The increase in December sales may well be the reason Wilton saw a drop in closings for January. However, the $265,000 increase (over 29%) in median sales price over this time last year can only be seen as encouraging. The $295,425 increase of the average price (better than 32%) was also exceptional. Inventory rose off the traditional low point on Jan. 1. The average list price rising is indicative of more higher-priced properties going on the market partially due to better weather. Only Feb. 1, 2012, has seen more inventory.

In the last 20 years this is one of only four Januarys that have seen single-digit sales. And only in 2009, coming off the crash of 2008, did we see fewer sales than in 2016. Until we see more of the inventory for the spring market, the discussion of absorption rate is not terribly meaningful. Some of the patterns of 2015 are helpful indicators. For the year, single-family homes sold for 96% of the last list price. However, many houses had price reductions often from much higher levels and over lengthy periods of time. Approximately 30% of the sales in 2015 were between $700,000 and $899,999 — part of the reason that we continue to see both average and median in the $800,000s. Buyers will need to perceive better value to bring the number of sales up and support higher average prices.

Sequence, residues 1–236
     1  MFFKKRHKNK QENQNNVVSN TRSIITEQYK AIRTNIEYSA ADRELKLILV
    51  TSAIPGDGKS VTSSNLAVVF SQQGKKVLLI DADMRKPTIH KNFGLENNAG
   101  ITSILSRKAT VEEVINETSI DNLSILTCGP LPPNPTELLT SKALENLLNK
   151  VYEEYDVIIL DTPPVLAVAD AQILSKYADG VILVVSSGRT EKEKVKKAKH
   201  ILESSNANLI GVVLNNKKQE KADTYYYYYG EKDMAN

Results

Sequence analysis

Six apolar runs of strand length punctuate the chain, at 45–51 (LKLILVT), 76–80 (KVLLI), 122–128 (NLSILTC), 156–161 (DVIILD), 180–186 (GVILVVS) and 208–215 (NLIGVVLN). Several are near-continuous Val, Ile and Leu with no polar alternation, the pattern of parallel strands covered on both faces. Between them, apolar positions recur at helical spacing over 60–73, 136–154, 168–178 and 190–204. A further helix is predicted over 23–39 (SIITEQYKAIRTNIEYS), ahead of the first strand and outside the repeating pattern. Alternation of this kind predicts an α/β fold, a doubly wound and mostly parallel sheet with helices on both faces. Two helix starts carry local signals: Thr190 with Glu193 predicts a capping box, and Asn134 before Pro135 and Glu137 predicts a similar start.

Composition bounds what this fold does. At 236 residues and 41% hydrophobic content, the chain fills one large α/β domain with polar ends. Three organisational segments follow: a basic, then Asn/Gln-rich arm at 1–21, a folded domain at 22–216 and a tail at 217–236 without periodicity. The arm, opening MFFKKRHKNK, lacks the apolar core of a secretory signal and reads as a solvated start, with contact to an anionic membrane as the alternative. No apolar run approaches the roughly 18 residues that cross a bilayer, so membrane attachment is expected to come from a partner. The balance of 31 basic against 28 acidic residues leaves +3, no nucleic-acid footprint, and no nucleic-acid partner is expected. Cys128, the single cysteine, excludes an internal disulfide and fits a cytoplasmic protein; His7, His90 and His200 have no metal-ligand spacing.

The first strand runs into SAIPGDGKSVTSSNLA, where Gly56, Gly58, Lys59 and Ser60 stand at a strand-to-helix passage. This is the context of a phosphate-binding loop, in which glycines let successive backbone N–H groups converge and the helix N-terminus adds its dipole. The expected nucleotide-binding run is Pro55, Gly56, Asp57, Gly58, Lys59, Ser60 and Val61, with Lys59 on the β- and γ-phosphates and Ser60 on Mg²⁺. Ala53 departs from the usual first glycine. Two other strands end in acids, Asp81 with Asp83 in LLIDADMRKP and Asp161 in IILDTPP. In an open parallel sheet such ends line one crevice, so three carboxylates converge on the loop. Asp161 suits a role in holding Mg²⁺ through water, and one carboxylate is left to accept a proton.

With jumbo mortgages still at or below 4%, along with the Fed’s promises that increases will be very gradual, we can’t ignore that the population, perhaps led by millennials, seems to be putting off home purchase. Some of this is geopolitical fears, some of it prudence and some lifestyle. While it is unlikely economic pressures will disappear immediately, there is very good value in much of the inventory and hopefully the number of buyers will pick up.